Jada Riley thought she had beaten homelessness.
The 26-year-old New Orleans resident was finally earning a steady income cleaning houses during the pandemic to afford a $700-a-month one-bedroom apartment. But he lost almost all of his clients after Hurricane Ida hit last year. He was then laid off from a grocery store job in February after taking time off to help a relative.
Two months behind on rent, she made the difficult decision last month to leave her apartment rather than risk an eviction lawsuit on her record. Now, she lives in her car with her 6-year-old son, sometimes spending the nights at the apartments of friends or her son’s father.
“I have slept outside for a whole year before. It’s very depressing, I’m not going to lie,” said Riley, who often doesn’t have enough money to buy gas or buy food every day.
“I don’t want my son to experience any hardship that I went through.”
Eviction filings across the country have risen steadily in recent months and are approaching or exceeding pre-pandemic levels in many cities and states. That contrasts sharply with the pandemic, when state and federal moratoria on evictions, combined with $46.5 billion in federal emergency rental assistance, kept millions of families housed.
“I really think this is the tip of the iceberg,” Shannon MacKenzie, executive director of the Colorado Poverty Law Project, said of June filings in Denver, which were about 24% higher than the same period three years ago. years. “Our number of evictions is increasing every month at an amazing rate, and I don’t see that slowing down anytime soon.”
According to The Eviction Lab, several cities are performing well above historical averages, with Minneapolis-St. Paul 91% higher in June, Las Vegas 56%, Hartford, Connecticut 32% and Jacksonville, Florida 17%. In Maricopa County, home to Phoenix, eviction filings in July were the highest in 13 years, officials said.
Some legal advocates said the sharp rise in home prices due to inflation is partly to blame. Rental prices across the country are up nearly 15% from a year ago and nearly 25% from 2019, according to real estate firm Zillow. Meanwhile, rental vacancy rates have dropped to a 35-year low of 5.8%, according to the Census Bureau.
A report last month from the National Low Income Housing Coalition found that a full-time renter needs to earn nearly $26 an hour on average nationally to afford a modest two-bedroom rent and $21.25 for a one-bedroom. The federal minimum wage is $7.25 per hour.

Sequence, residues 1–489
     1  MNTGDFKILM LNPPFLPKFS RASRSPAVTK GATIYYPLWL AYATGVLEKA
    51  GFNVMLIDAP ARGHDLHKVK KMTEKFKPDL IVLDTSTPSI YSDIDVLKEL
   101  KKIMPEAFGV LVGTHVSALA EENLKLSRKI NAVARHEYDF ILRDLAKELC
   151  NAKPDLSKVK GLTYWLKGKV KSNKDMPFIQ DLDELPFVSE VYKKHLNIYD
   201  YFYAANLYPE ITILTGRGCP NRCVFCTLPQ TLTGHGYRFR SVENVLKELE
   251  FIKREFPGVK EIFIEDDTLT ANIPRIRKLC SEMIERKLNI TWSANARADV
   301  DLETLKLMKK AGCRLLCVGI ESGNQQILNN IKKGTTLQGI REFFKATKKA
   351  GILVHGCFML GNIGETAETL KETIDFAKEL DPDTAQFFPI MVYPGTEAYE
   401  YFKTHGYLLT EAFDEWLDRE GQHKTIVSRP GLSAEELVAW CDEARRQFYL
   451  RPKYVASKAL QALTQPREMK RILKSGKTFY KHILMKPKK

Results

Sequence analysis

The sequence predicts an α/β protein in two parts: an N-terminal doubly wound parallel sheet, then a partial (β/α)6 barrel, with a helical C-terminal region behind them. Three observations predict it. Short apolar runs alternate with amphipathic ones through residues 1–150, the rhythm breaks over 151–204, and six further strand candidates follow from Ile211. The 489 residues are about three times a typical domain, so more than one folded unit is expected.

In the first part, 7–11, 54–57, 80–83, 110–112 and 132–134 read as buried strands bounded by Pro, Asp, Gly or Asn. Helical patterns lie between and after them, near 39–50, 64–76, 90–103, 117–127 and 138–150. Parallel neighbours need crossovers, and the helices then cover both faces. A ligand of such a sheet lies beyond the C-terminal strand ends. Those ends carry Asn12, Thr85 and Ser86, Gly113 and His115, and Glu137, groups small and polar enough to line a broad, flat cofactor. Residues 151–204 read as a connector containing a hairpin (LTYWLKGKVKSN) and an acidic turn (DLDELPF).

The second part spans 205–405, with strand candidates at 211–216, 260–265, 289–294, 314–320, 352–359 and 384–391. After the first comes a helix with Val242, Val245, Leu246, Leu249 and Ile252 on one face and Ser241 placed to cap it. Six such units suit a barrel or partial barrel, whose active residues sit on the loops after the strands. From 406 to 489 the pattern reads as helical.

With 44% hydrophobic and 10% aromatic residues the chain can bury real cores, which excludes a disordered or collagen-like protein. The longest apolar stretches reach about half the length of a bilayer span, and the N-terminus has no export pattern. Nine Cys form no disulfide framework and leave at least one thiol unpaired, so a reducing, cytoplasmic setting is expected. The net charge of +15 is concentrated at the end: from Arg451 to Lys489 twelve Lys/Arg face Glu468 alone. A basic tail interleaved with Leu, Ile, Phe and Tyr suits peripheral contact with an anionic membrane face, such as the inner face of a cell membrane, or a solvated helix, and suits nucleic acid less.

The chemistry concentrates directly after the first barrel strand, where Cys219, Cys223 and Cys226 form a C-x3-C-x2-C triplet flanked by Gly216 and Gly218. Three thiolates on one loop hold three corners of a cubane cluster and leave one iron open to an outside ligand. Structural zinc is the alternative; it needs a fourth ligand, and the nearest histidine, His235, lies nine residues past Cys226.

“Landlords are raising rent and making it very unaffordable for tenants to stay,” said Marie Claire Tran-Leung, project director of the National Housing Law Project’s eviction initiative.
“Inflation has really reduced the supply of housing available to people with the lowest incomes,” he added. “Without more protections in place, which not all states have, many of those families will be left homeless.”
Patrick McCloud, executive director of the Virginia Apartment Management Association, said the trend is a return to normalcy. “No one likes evictions, but in a way they are a reset to the economy,” McCloud said, adding that evictions have been “artificially depressed.”
“Housing is based on supply and demand. And when no one moves and there are no openings, you have a tight market and prices go up.”
Graham Bowman, an attorney with the Legal Aid Society of Columbus, Ohio, said evictions are on the rise, 15% above historical averages in June alone, at a time when there are fewer places for those forced to go. .
Sheryl Lynne Smith was evicted in May from her two-bedroom home in Columbus after she used her rent money to fix a sewage leak in the basement. Smith, who is legally blind and has a federal housing voucher, fears she won’t be able to find anything by September, when her voucher expires, due to rising housing prices and the eviction on her record.
“It’s very scary,” said Smith, 53, whose temporary hotel stay funded through a state program ends this weekend.